Against Security: How We Go Wrong at Airports, Subways, and Other Sites of Ambiguous Danger

Against Security: How We Go Wrong at Airports, Subways, and Other Sites of Ambiguous Danger

Against Security: How We Go Wrong at Airports, Subways, and Other Sites of Ambiguous Danger

Against Security: How We Go Wrong at Airports, Subways, and Other Sites of Ambiguous Danger


Remember when an unattended package was just that, an unattended package? Remember when the airport was a place that evoked magical possibilities, not the anxiety of a full-body scan? In the post-9/11 world, we have become focused on heightened security measures, but do you feel safer? Are you safer?

Against Security explains how our anxieties about public safety have translated into command-and-control procedures that annoy, intimidate, and are often counterproductive. Taking readers through varied ambiguously dangerous sites, the prominent urbanist and leading sociologist of the everyday, Harvey Molotch, argues that we can use our existing social relationships to make life safer and more humane. He begins by addressing the misguided strategy of eliminating public restrooms, which deprives us all of a basic resource and denies human dignity to those with no place else to go. Subway security instills fear through programs like "See Something, Say Something" and intrusive searches that have yielded nothing of value. At the airport, the security gate causes crowding and confusion, exhausting the valuable focus of TSA staff. Finally, Molotch shows how defensive sentiments have translated into the vacuous Freedom Tower at the World Trade Center site and massive error in New Orleans, both before and after Hurricane Katrina. Throughout, Molotch offers thoughtful ways of maintaining security that are not only strategic but improve the quality of life for everyone.

Against Security argues that with changed policies and attitudes, redesigned equipment, and an increased reliance on our human capacity to help one another, we can be safer and maintain the pleasure and dignity of our daily lives.


Although I mostly wander around to some very different places and topics, this book did begin with the events at Ground Zero. Living in downtown Manhattan and watching the towers collapse before my eyes, the bombing interrupted my day. There were less than two hours before the start time of my regular lecture at nyu, where I teach (Tuesdays and Thursday mornings that semester). My mind was busy with preparations. the inertia of life—cleaning up the breakfast dishes, preparing class notes—was in full force. But planes into buildings? People jumping from ninety stories? What was I do with this extraordinary in my ordinary? Move forward in deference to the life I had been living or stop and—stop and what? That’s a problem people face when disaster comes close by.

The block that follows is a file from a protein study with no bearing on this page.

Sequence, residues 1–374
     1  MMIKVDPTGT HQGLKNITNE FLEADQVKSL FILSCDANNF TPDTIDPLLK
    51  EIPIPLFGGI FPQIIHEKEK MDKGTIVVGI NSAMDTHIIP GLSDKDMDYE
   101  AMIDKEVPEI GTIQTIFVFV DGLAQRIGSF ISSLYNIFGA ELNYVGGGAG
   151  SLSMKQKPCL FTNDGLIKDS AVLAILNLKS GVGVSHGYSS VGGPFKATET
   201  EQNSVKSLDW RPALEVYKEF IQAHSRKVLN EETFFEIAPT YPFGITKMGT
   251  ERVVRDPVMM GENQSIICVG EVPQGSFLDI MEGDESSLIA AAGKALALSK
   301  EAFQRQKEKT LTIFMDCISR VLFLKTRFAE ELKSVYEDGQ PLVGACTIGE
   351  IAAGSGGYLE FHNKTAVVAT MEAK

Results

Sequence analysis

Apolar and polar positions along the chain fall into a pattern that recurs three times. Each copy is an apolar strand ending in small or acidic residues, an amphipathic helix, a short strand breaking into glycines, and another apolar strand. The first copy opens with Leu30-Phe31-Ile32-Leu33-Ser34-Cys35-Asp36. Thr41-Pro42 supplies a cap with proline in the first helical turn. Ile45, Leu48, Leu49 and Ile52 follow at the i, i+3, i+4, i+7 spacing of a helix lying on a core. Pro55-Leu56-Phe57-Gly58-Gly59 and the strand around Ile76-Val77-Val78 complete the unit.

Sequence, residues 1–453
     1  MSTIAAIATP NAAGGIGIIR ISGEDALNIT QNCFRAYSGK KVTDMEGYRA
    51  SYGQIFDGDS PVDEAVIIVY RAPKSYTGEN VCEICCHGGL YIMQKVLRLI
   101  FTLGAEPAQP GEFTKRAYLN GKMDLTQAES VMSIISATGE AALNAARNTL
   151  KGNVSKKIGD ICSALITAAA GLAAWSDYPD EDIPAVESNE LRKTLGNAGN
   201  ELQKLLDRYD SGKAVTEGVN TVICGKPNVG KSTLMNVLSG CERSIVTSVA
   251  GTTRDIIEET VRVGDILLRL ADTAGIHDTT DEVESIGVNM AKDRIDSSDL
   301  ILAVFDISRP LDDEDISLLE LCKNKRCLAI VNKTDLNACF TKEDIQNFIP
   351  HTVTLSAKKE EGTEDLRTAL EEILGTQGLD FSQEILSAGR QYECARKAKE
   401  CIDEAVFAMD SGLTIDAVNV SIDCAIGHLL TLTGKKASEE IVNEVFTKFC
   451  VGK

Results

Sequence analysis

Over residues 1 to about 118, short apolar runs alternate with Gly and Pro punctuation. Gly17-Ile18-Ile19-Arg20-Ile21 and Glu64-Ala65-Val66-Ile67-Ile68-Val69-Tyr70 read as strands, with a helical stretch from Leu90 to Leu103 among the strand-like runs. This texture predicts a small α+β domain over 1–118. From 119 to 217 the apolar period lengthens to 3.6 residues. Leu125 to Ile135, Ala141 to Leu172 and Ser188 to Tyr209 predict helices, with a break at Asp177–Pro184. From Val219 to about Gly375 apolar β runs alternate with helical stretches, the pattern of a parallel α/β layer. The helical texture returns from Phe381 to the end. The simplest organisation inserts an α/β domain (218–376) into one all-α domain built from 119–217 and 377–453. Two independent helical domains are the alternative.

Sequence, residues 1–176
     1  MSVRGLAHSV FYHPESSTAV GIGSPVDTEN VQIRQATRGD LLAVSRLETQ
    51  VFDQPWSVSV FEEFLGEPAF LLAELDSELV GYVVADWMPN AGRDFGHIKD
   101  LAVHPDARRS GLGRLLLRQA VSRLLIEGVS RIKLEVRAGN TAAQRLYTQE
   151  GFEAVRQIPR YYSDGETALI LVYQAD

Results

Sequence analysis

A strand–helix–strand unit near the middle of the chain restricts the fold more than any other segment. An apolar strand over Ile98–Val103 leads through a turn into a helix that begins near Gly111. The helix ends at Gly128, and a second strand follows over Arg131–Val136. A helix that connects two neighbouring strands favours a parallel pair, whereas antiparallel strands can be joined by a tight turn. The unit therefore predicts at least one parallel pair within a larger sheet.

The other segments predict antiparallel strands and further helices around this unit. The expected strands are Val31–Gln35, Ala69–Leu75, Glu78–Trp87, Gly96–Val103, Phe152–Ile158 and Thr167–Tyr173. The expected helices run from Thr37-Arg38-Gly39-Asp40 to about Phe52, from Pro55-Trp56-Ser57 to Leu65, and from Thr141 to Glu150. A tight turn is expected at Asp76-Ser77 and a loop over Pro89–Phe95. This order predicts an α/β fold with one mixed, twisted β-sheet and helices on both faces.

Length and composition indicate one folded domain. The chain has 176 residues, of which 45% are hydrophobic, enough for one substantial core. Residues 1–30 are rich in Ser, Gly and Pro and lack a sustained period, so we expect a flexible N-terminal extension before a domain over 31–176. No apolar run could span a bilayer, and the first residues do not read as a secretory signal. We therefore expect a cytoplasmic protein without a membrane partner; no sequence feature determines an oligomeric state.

I also had some personal stakes. My partner of twenty-five years had set off that morning for a flight to Europe on United Airlines, and United, the news told us early on, was one of the airlines involved in the catastrophe. Was he on one of the planes? Was he stuck at Kennedy? Was he dead? Like the simultaneity of hot and cool breezes one can feel in coastal California when the Santa Ana winds blow hot desert air through the cool ocean breeze, things are oddly felt together. the private issue and public concern waft in and out, fear for a specific loved one and then back again to the public horror. Sometimes, and somehow, both at once.

This lived confusion is at least part of disaster response across the board and a basis for some of the investigations in this book. There is a need to do something, which is what being human is all about. We think and project forward. We rely on the sediments of past practice to make the next move. When something portending danger comes “out of the blue,” we are at sea: we cannot just roll onward with our past. Mental practice continues as before; we have no cognitive choice. But . . .

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